ABSTRACT. Hybrid memory systems, comprised of emerging non-volatile memory (NVM) and DRAM, have been proposed to address the growing memory demand of applications. Emerging NVM technologies, such as phase-change memories (PCM), memristor, and 3D XPoint, have higher capacity density, minimal static power consumption and lower cost per GB. However, NVM has longer access latency and limited write endurance as opposed to DRAM. The different characteristics of two memory classes point towards the design of hybrid memory systems containing multiple classes of main memory. In the iterative and incremental development of new architectures, the timeliness of simulation completion is critical to project progression. Hence, a highly efficient simulation method is needed to evaluate the performance of different hybrid memory system designs. Design exploration for hybrid memory systems is challenging, because it requires emulation of the full system stack, including the OS, memory controller, and interconnect. Moreover, benchmark applications for memory performance test typically have much larger working sets, thus taking even longer simulation warm-up period. In this paper, we propose a FPGA-based hybrid memory system emulation platform. We target at the mobile computing system, which is sensitive to energy consumption and is likely to adopt NVM for its power efficiency. Here, because the focus of our platform is on the design of the hybrid memory system, we leverage the on-board hard IP ARM processors to both improve simulation performance while improving accuracy of the results. Thus, users can implement their data placement/migration policies with the FPGA logic elements and evaluate new designs quickly and effectively. Results show that our emulation platform provides a speedup of 9280x in simulation time compared to the software counterpart gem5.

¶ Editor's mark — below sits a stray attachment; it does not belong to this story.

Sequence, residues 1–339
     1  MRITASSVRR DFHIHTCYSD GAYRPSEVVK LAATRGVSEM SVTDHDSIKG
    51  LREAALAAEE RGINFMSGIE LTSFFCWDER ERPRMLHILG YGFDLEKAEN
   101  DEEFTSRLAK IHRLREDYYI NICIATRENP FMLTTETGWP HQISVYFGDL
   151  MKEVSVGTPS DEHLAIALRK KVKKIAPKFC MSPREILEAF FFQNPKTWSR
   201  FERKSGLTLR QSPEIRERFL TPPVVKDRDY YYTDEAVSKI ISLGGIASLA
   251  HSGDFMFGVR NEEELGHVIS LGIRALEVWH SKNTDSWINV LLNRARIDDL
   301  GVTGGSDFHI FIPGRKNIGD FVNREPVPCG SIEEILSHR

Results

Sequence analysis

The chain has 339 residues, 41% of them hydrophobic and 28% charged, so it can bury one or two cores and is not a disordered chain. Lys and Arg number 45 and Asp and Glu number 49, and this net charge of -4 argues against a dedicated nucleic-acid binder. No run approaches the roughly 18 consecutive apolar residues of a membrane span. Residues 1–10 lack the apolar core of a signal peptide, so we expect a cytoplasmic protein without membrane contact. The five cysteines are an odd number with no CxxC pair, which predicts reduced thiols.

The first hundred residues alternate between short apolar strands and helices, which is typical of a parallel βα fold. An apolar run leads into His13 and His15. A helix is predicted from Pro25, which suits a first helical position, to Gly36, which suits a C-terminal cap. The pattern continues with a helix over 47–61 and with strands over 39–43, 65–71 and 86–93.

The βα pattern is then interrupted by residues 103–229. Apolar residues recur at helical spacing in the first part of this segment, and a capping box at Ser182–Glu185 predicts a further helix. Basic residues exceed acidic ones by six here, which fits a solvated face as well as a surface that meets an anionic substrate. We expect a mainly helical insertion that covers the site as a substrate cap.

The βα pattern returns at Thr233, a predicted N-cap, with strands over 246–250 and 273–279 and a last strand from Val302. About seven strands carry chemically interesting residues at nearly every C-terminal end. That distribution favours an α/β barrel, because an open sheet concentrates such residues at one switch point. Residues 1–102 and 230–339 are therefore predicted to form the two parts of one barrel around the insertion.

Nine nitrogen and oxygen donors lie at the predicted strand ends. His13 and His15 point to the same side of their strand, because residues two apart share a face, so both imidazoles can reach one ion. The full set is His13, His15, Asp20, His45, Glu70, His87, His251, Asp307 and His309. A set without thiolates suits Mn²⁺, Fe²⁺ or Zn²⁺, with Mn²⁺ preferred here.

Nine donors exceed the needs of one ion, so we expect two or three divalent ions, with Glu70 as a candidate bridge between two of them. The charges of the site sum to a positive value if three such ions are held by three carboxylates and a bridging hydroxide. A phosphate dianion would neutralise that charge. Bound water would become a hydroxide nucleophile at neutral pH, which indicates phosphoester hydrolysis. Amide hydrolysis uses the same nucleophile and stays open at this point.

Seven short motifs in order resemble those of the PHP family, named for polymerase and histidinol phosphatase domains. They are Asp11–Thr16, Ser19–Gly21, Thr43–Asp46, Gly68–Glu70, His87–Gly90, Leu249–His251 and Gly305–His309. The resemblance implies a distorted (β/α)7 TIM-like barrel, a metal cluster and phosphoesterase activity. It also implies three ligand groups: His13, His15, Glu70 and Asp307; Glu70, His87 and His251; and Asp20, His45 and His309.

EasyNet: 100 Gbps Network for HLS

ABSTRACT. The massive deployment of FPGAs in data centers is opening up new opportunities for accelerating distributed applications. However, developing a distributed FPGA application remains difficult for two reasons. First, commonly available development frameworks (e.g., Xilinx Vitis) lack explicit support for networking. Developers are, thus, forced to build their own infrastructure to handle the data movement between the host, the FPGA, and the network. Second, distributed applications are made even more complex by using low level interfaces to access the network and process packets. Ideally, one needs to combine high performance with a simple interface for both point-to-point and collective operations. To overcome these inefficiencies and enable further research in networking and distributed application on FPGAs, we first show how to integrate an open-source 100 Gbps TCP/IP stack into a state-of-the-art FPGA development framework (Xilinx Vitis) without degrading its performance. Further, we provide a set of MPI-like communication primitives for both point-to-point and collective operations as a High Level Synthesis (HLS) library. Our point-to-point primitives saturate a 100 Gbps link and our collective primitives achieve low latency. With our approach, developers can write hardware kernels in high level languages with the network abstracted away behind standard interfaces. To evaluate the ease of use and performance in a real application, we distribute a K-Means algorithm with the new stack and achieve a 1.9X and 3.5X throughput increase with 2 FPGAs and 4 FPGAs respectively.